Dr. Jennifer Pomeroy instructing the student travelers

During our second day at ECNU, we learned about the ancient Chinese art of calligraphy. It involves learning to properly control the brush with fingers, wrist and elbow. We worked on the Chinese symbol for power and some students wrote their names in Chinese symbols using our newly acquired skills. We learned that is it important that the characters be concise, legible, written correctly and, most important — balanced. We were all surprised by how quickly we picked up the basics of this new skill!


Dr. Amy Diehl and Eden Eliff practice calligraphy


The class with our beautiful finished work!

As a fun side note, one thing we noticed when we were taking group shots with our Shippensburg University banner is that Chinese tourists were also taking our picture. It’s always good to spread the Shippensburg University name!

Vince’s Perspective

Friday, June 14, 201

Today was an amazing experience! This was my first true day in a foreign country and I was more than excited. Beginning the day I tried breakfast foods that seemed very strange to me. It was fun to watch the others faces as they tried eating food with suspicion than come to really enjoy what they were eating.

Our class began at 8:30 a.m. and was very enjoyable. We learned numbers 1 to 10 and how to count with only one hand. I learned this previously in Dr. Jennifer Pomeroy’s class so she asked all of her Chinese language students (including me) to help students learn the numbers. It was a lot of fun. Students from ECNU also joined our class to help us with our Chinese.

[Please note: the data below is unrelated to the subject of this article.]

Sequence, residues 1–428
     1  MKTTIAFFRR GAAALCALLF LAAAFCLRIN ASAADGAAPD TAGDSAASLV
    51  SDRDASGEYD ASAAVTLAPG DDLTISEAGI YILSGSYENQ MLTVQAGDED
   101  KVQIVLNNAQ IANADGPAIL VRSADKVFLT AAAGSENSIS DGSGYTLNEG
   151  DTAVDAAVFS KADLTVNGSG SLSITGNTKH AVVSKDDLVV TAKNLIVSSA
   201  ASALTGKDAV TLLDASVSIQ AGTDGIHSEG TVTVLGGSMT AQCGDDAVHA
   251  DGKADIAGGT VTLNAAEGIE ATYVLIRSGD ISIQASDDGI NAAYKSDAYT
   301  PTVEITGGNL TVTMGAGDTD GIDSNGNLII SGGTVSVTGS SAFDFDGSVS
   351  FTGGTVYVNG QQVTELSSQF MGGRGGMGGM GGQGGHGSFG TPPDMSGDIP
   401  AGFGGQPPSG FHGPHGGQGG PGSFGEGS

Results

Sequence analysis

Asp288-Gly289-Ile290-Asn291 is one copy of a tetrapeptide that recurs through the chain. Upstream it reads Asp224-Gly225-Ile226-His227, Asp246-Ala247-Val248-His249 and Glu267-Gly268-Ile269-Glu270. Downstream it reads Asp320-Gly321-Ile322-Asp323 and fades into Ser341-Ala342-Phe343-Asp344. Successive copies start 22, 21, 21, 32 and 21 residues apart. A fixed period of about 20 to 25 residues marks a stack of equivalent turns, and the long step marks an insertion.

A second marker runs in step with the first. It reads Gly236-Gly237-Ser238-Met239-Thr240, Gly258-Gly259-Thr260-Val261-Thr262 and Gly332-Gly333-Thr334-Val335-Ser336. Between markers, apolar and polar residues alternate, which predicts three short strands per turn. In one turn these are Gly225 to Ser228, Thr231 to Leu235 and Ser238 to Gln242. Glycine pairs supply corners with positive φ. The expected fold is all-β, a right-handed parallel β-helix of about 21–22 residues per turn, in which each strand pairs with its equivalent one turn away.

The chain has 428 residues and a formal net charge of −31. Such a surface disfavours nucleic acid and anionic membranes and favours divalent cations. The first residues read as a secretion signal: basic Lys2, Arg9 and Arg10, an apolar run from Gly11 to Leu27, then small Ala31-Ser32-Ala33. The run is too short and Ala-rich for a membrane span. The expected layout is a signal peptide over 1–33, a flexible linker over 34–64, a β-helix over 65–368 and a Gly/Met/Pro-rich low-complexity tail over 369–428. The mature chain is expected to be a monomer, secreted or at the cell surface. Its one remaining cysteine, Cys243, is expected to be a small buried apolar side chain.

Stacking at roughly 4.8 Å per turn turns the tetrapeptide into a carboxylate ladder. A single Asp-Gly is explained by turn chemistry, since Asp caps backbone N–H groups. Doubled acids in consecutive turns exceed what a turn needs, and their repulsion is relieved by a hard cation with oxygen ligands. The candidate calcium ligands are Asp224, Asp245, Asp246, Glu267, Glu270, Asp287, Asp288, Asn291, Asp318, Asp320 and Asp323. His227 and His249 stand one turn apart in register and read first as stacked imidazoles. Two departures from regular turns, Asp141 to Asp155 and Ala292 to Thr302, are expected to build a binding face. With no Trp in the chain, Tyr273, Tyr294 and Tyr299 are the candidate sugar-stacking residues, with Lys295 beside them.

We took a small campus tour before having lunch with the director and deputy director of the university.


Vince at ECNU Entrance


Lunch with Director Wang and ECNU Students

Today’s word was “harmonious” which is a concept applied to everything on campus.

After class we journeyed into the city to visit People's Square which lead to us visiting the (Shanghai) museum which was truly fascinating.


Shanghai Museum

My favorite exhibit was the Chinese jade. Some much detail and hard work was put into a true work of art.


Chinese jade

After visiting People’s Square, we walked a short distance to see the Urban Planning Exposition Hall. Inside was the largest scale model in the world which was of the city Shanghai. The tour guide was very humorous and did an excellent job of showing the past to present of the marvelous city! He told us that Shanghai "’only 20 years ago” was mostly a fishing town and that he could still remember before the humongous building were erected. That simply is amazing how quickly this city has grown to its mind-blowing size. After this long day I could only look forward to what was in store.

We will be posting blog entries about our trip as it progresses, so be sure to check back for updates.

Zàijiàn (Good bye)